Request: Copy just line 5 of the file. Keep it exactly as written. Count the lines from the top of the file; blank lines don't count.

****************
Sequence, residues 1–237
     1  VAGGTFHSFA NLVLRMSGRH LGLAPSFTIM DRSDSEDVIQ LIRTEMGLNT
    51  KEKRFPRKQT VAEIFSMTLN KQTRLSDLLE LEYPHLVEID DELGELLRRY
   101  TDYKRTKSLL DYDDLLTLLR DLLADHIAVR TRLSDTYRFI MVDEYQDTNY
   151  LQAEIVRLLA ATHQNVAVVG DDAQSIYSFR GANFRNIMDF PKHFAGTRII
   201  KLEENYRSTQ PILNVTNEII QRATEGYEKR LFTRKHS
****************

   151  LQAEIVRLLA ATHQNVAVVG DDAQSIYSFR GANFRNIMDF PKHFAGTRII